The unique aspect of a mentoring program is that it focuses on one-on-one interaction between a mentor and a mentee. Mentoring could take the form of informally unstructured or formally structured. Before I decided to participate in mentoring programs, I thought through the logistics of my involvement. Why am I doing this? Who are my potential mentors and mentees? How much time am I willing to commit to this? What do I hope to get out of this mentorship? I am a new librarian who has only been to a handful of conferences. I did not know many library professionals outside of my institution. I was quiet and did not feel comfortable expressing myself in a group. I was attracted to Baynet mentoring program when I attended their annual meeting in May 2012. Although I previously came across mentoring programs offered by other library associations, the timing was not right and I was not ready at that time. I want a mentoring program which allows me to communicate electronically most of the time but still offers the option of meeting with my mentor and mentee in person.

Preparing for becoming a mentor/mentee

Based on similar interests and skills, the coordinators of Baynet mentoring program matched up the mentor/mentee pairs very quickly. During the one year mentoring relationships, we get to know our mentor/mentee. The mentoring tip sheet and worksheet are great resources especially for first-time participants. In order to maintain a cordial and professional interaction, it is crucial for the mentor and mentee to communicate their expectations and ground rules at the start of the mentorship. We agreed on how we should communicate and how often to check in with each other. Together, we defined our mentoring goals, objectives, priorities, and timeline, intending to take advantage of the opportunity to create a productive mentoring experience.

Providing an insider’s look into the library world

As a newbie librarian working at my first professional job, my views on librarianship are no doubt limited. I have wonderful colleagues to guide me through surviving and thriving at work but I often feel the need to have a second opinion of what librarianship outside my institution looks like. Every library and its parent institution have a different educational philosophy and organizational culture. My mentor and I exchanged our perspectives on academic librarianship, explored ways to stimulate career growth, discussed challenges that libraries and librarians face during the economic downturn, and shared the ups and downs of our work experience.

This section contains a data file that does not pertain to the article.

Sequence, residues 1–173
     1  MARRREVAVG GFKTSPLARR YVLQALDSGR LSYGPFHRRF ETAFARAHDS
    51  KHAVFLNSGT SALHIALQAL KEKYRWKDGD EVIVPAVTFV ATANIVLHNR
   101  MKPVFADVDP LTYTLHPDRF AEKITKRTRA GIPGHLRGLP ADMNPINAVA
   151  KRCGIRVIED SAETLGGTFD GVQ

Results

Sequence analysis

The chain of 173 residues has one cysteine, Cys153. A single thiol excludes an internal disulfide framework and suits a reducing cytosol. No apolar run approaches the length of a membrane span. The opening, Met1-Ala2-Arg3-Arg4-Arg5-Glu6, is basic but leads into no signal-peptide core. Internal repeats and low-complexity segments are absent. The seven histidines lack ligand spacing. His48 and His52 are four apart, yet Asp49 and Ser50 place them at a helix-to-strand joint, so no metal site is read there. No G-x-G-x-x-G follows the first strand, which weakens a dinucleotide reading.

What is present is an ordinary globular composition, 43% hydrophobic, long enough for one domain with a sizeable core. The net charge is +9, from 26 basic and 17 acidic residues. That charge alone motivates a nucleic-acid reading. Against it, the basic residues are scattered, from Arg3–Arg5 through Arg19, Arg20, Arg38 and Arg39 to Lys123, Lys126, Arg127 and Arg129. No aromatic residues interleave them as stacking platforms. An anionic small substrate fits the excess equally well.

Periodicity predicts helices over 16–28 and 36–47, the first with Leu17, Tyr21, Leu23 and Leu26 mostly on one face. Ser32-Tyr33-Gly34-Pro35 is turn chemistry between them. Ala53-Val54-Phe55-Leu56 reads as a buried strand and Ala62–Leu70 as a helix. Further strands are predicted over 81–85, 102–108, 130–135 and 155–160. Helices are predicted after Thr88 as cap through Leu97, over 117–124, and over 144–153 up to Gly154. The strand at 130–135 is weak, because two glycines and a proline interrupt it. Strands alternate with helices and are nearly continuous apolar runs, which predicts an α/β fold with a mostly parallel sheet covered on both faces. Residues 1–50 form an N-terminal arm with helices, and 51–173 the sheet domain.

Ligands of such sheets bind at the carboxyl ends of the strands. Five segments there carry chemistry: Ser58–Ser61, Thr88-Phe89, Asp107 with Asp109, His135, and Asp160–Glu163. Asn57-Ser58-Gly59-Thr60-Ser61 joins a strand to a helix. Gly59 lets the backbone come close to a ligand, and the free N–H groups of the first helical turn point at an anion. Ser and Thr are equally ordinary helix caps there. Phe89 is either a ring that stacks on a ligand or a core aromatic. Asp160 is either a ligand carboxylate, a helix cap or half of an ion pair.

Establishing connection within the information profession

Mentoring is one way of being involved in professional organizations for new library workers who do not yet know many experienced information professionals in the library field. A mentor is often a mentee’s first connection to a national or regional library association. An experienced mentor could unveil many committee opportunities available within an association to the mentee. With a mentor’s help, the mentee could join the right library association and get introduced to collaboration with other library professionals who share the same career goals and interests. Having a network of library colleagues is a valuable asset for a librarian to prosper in the information profession. In addition to emails and face-to-face meetings, I am now connected to my mentor and mentee via LinkedIn to ensure that we stay in touch throughout and after the end of the mentoring program.

Putting things in perspective

During times in transition, whether there are jobs changing, work reorganization, or morale issues, a mentor can be an excellent confidant. A mentor often fills the role of a therapist who can help the mentee to see and analyze the situations in a different light. A mentor who is an outsider and has no conflict of interest with the mentee’s struggles can offer constructive and rational advice on managing difficult situations. In an effective mentorship, trust and respect must be established prior to the sharing of sensitive work issues. Professionalism needs to be maintained throughout the communication between mentors and mentees at all times.

Promoting the positive aspects of librarianship

Mentorship is an excellent vehicle for promoting the mission, vision, and value of librarianship. Librarians realize that a lot of new library workers do not sufficiently understand the inner workings of the library profession. Many newcomers are unclear about the different types of library operations and responsibilities. Librarians are information experts who provide service to users in need of research assistance. Academic librarians are champions of research, scholarship, and teaching excellence. We are advocates of information literacy and lifelong learning in age of emerging technology. For those who are new to the profession (especially MLIS students and those currently enrolled in library technology certificate programs), mentors could use this valuable educational opportunity to impart their work enriching experience and wisdom to future librarians.